AB: In order for us to remain in operation with the current lower gold prices, our aim and objective is to ensure that we can be in the region of $1,000 per ounce, all-in cost. We are currently at $1,200 at Tarkwa but we are adjusting our operations to meet this goal. Damang has a different geology and has recently lost its higher grade pit, which puts pressure on us to do more stripping and expose the ore. We are weighing the options there to see if we need to put the brakes on operations there for a while to go on a care and maintenance, or if we can meet the cost per ounce that we are seeking. There is a dedicated project team assessing the different options for the future economic viability of the project.

In addition to your introduction of a new water treatment plant, how is Gold Fields looking to introduce initiatives to minimalize the environmental impact of its operations in Ghana?

AB: We have a bond with the EPA and have made a deal with them to rehabilitate the areas we are operating in. This plan is mandatory as part of the conditions for being granted an EPA permit, and we are working diligently to meet the terms of this plan. Concurrent rehabilitation is built into our short to medium term mine planning. Piezometer holes are drilled around all Tailings Storage Facilities to monitor any potential seepage of tailings into the external environmental.

As the mining sector becomes more sophisticated and increasingly present across the region, expectations from communities are being raised. What is Gold Fields doing to ensure that Ghanaians benefit from your operations here?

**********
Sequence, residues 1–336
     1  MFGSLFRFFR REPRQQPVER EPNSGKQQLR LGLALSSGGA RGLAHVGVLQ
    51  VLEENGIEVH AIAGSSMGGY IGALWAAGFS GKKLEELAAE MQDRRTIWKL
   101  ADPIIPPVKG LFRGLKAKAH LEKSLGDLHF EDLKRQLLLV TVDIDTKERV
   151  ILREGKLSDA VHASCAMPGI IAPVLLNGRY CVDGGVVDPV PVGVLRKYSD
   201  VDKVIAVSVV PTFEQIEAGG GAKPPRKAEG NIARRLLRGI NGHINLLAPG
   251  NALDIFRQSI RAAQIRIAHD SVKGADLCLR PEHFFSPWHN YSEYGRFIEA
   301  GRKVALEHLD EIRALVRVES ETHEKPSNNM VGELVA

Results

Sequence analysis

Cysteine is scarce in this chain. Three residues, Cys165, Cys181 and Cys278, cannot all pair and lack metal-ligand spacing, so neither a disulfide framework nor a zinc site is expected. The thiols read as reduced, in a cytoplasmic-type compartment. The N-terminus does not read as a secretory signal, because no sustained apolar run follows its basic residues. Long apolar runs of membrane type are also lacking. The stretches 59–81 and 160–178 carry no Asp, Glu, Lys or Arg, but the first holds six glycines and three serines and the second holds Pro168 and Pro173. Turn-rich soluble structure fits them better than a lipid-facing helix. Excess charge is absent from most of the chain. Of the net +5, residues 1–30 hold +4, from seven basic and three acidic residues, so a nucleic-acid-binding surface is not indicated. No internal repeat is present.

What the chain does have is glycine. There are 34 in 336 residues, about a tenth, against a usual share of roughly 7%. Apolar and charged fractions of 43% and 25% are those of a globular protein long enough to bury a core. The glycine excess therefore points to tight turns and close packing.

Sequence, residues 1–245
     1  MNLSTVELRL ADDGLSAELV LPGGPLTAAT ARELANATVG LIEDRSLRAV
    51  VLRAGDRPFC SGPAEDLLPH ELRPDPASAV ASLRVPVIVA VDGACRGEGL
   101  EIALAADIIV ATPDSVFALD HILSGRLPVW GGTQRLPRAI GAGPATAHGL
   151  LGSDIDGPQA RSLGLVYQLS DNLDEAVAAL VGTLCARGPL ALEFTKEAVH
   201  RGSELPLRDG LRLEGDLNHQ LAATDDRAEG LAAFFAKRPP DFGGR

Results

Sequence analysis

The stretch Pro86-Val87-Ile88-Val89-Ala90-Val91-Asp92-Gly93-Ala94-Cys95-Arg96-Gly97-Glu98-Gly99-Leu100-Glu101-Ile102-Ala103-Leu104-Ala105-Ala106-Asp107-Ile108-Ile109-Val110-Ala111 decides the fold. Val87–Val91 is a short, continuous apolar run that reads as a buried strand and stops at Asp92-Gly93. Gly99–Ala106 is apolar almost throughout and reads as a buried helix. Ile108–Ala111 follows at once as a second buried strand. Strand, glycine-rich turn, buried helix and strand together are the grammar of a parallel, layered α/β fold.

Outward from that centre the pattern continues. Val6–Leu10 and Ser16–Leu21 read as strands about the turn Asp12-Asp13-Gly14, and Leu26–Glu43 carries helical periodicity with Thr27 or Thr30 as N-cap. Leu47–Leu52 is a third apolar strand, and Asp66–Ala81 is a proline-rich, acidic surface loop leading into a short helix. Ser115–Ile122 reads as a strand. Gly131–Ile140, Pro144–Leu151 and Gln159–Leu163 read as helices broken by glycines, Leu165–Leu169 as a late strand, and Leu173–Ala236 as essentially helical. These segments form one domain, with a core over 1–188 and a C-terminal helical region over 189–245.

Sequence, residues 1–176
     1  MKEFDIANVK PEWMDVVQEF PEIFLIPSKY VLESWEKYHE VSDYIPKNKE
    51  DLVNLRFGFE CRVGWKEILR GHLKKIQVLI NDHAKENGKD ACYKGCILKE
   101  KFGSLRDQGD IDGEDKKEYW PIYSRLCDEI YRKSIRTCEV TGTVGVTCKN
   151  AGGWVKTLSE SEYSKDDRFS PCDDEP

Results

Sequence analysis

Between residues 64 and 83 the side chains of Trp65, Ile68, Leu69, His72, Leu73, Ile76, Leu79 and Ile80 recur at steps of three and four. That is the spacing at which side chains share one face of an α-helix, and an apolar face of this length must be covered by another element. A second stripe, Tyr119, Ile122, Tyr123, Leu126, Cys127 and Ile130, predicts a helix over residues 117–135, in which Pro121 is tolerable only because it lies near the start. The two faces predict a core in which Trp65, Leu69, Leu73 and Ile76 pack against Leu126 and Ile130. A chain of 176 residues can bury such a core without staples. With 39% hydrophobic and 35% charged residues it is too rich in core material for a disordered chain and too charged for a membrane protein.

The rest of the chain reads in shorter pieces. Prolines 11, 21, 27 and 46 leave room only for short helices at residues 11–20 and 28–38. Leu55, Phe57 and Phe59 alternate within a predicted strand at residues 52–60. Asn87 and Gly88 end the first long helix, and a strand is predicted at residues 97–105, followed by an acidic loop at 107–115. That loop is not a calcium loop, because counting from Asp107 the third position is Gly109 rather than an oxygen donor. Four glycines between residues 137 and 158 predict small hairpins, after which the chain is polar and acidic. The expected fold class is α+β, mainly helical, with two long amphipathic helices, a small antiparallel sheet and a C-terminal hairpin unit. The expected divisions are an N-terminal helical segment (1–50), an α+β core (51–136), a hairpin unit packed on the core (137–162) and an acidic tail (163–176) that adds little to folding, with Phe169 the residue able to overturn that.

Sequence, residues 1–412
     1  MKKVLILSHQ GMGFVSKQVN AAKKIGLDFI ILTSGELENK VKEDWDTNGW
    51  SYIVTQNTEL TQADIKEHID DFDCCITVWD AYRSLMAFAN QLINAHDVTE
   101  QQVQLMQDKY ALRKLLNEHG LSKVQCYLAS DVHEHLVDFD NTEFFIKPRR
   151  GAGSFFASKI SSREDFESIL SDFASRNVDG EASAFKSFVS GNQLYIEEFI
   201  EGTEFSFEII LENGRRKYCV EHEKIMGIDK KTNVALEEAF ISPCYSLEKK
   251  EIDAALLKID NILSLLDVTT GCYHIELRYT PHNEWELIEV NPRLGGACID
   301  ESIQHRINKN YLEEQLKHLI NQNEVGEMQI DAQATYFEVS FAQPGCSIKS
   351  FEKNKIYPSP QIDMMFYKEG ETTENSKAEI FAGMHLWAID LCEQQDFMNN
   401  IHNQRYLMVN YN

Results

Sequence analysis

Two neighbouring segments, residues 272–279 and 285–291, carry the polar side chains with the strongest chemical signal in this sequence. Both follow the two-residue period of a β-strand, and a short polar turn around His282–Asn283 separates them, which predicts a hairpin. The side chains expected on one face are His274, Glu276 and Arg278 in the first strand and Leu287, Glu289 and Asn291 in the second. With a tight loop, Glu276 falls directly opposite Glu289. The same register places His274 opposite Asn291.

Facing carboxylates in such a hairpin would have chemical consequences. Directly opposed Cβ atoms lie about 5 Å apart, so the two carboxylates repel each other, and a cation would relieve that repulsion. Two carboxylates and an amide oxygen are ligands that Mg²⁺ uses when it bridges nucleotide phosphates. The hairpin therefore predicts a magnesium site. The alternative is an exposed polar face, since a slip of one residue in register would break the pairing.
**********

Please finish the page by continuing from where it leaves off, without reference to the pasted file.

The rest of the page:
AB: We have set up the Gold Fields Ghana Foundation, which is a major part of our CSR initiatives. We have a simple formula that we use to calculate income for the foundation; for every ounce of gold that we produce, we set aside a dollar for the foundation. Additionally, we put aside 0.5% of profits before tax and use this for a host of projects. We have funds dedicated to electrification, school buildings, scholarships, road construction, hospitals and many more. We are looking at restructuring this to put more money into fewer projects, making each one more effective. This should have more of an impact than scattering funds across a handful of projects. We would also like to engage in capacity building for communities so that they can generate their own commercial activities as a result of our operations.